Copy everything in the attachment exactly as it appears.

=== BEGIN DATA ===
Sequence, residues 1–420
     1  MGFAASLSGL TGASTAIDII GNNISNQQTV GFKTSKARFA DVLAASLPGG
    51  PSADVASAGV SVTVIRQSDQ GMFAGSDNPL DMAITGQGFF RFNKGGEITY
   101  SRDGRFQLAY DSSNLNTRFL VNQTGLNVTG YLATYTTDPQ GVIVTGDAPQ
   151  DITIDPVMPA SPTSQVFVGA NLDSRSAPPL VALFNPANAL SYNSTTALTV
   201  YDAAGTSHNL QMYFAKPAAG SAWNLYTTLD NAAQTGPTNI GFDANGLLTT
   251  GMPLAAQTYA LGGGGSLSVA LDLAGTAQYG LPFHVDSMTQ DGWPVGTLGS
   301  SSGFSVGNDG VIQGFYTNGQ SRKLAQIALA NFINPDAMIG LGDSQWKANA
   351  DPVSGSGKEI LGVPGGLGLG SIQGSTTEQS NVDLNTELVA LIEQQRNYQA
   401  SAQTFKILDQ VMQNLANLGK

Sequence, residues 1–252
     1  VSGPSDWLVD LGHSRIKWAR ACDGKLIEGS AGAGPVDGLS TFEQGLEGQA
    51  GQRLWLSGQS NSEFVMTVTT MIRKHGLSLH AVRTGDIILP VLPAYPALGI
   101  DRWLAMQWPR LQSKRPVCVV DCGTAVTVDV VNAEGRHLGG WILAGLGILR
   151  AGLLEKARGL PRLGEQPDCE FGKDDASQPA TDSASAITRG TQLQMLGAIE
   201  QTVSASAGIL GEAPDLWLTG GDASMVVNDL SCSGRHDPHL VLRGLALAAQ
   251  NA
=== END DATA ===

Sequence, residues 1–420
     1  MGFAASLSGL TGASTAIDII GNNISNQQTV GFKTSKARFA DVLAASLPGG
    51  PSADVASAGV SVTVIRQSDQ GMFAGSDNPL DMAITGQGFF RFNKGGEITY
   101  SRDGRFQLAY DSSNLNTRFL VNQTGLNVTG YLATYTTDPQ GVIVTGDAPQ
   151  DITIDPVMPA SPTSQVFVGA NLDSRSAPPL VALFNPANAL SYNSTTALTV
   201  YDAAGTSHNL QMYFAKPAAG SAWNLYTTLD NAAQTGPTNI GFDANGLLTT
   251  GMPLAAQTYA LGGGGSLSVA LDLAGTAQYG LPFHVDSMTQ DGWPVGTLGS
   301  SSGFSVGNDG VIQGFYTNGQ SRKLAQIALA NFINPDAMIG LGDSQWKANA
   351  DPVSGSGKEI LGVPGGLGLG SIQGSTTEQS NVDLNTELVA LIEQQRNYQA
   401  SAQTFKILDQ VMQNLANLGK

Sequence, residues 1–252
     1  VSGPSDWLVD LGHSRIKWAR ACDGKLIEGS AGAGPVDGLS TFEQGLEGQA
    51  GQRLWLSGQS NSEFVMTVTT MIRKHGLSLH AVRTGDIILP VLPAYPALGI
   101  DRWLAMQWPR LQSKRPVCVV DCGTAVTVDV VNAEGRHLGG WILAGLGILR
   151  AGLLEKARGL PRLGEQPDCE FGKDDASQPA TDSASAITRG TQLQMLGAIE
   201  QTVSASAGIL GEAPDLWLTG GDASMVVNDL SCSGRHDPHL VLRGLALAAQ
   251  NA